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Grave robbing, torture, possessed nuns, and a satanic Sabbath: Benjamin Christensen's legendary film uses a series of dramatic vignettes to explore the scientific hypothesis that the witches of the middle ages suffered the same hysteria as turn-of-the-century psychiatric patients. But the film itself is far from serious-instead it's a witches' brew of the scary, gross, and darkly humorous. The Criterion Collection is proud to present two versions of this genre-defying "documentary," for the first time ever on DVD.
Witchcraft through the ages is explored with dark wit in this silent classic. Writer-director Benjamin Christensen uses a historical study of witchcraft as a jumping-off point for a fascinating film that is part science, part horror, and part social commentary. This Criterion edition uses a beautiful print, a rearrangement of music from the original Danish premiere, and the original Swedish intertitles (with subtitles). Goodies include commentary by Danish film scholar Casper Tybjerg, the option of watching a narrated version without intertitles, and test shots from the film. The test shots, in particular, give insight into the early filmmaking process, as when Christensen uses his own image to try out (and reject) a flying effect. This is a worthy edition to the collection of fans of horror films, silent films, and film in general. --Ali Davis
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With an effective cast who could act out the paranoid mindset that was swelling and spreading, Häxan had and still has the ability to lead viewers into witnessing some darker realms of humanity that were under the guise of spirituality. The emotion of fear, in conjunction with superstitions regarding a village's misfortunes, would prevail throughout this movie. As it would often fall in line with the edicts of those in power, namely the clerics, and as it would secure the standings of those already at the top, fear, as it would be experienced among laypersons and lower-ranking pastorates, overruled logic.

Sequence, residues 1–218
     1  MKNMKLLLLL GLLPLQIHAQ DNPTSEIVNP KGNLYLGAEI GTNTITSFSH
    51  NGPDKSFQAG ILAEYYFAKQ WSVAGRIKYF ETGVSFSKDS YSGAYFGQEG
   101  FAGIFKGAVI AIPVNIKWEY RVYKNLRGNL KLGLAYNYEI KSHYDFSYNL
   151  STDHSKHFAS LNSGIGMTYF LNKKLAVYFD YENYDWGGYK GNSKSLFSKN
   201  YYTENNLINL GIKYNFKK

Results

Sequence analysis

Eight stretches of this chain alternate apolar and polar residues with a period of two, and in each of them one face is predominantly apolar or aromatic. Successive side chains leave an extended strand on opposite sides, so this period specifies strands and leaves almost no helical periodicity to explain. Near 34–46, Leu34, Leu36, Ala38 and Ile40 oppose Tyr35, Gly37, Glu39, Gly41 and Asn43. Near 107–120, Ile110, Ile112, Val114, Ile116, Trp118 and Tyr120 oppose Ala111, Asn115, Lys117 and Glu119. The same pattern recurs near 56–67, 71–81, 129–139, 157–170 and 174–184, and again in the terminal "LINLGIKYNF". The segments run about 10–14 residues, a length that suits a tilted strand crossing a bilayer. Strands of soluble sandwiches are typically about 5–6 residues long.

It can be argued that Häxan was a creative exposition to the adage that wrong people in power, if given the opportunity, will try to control the minds of others by keeping them poor, blind, scared and stupid. Häxan is based on a premise that a collective mindset built upon rumor, superstition and hate is highly dangerous.
Though this movie is nearly ninety years old, Häxan does have its fascinating, visual effects that were perhaps way ahead of their time. Portions of the movie depicted those deemed as the outsiders, that is to say, the pagans or devil worshippers who performed rituals that consisted of costumes, masks, and fire altars with some similarities to the pagan festivities in the 1973 movie, The Wicker Man. And it is within these ceremonial scenes that the stunning, technical aspects of the film arise.
The viewer is transported right away into a different dimension, where it is not clear if it is supposed to be an outer, spiritual world that exists or the enactment of what was in the mind's eye of the superstitious. Nonetheless, the presence of ghostlike figures and demons helped to create as stunning a heaven-or-hell dilemma as what one could possibly hope for from this film. The trick photography for enhancing the awesome spectral appearances leaves little doubt that ten years later, Carl Theodor Dreyer's use of ectoplasmic imagery in his 1932 film, Vampyr, was inspired by the viewing of Häxan.
All in all, this classic is, to say the least, a quintessential two-for-one. It is a perfect docudrama in the history of human behavior, and it is the perfect expositor of the genius of Benjamin Christensen, the movie's writer and director.
There are images of horror but it's more describing the peoples fear and nothing that actually happened.
I was surprised on the internet movie database that the only genre this falls into is horror. It's a a whole lot deeper than that i believe and plays true today and every decade since.
The real horror and probably the scariest of all is the judgmental ignorance and fear by man of anything different, and in this film if there was something that couldn't be understood, well then blame it on someone that looks and acts different and call them a Witch.
History repeats itself unfortunately you could use this same film today and use witches and then at the end of the movie you could replace mental disorders with Hitler and the Jews. You could use witches and then supplement mental disorders with slavery, racism and segregation. Again use witches and replace mental disorders with "the evil doers" our president refers too. Who will be the "witches" of the next generation? That is the horror.
This is a great and important film.
**DVD Features** from back cover
Haxan (1922) New digital, speed-corrected transfer of the Swedish Film Institutes's tinted restoration
-Music from the original danish premiere, arranged by film music specialist Gillian Anderson and performed by the Czech film orchestra, presented in Dolby Digital 5.0
-Commentary by Danish silent film scholar Casper Tybjerg
-Benjamin Christensen's introduction to the 1941 re-release
-A short selection of outtakes
-Bibliotheque Diabolique a photographic exploration of Christensen's historical sources
-New English translation of intertitles
Witchcraft through the ages (1968) The 76 minute version of Haxan, narrated by William S. Burroughs, with a soundtrack featuring jean luc ponty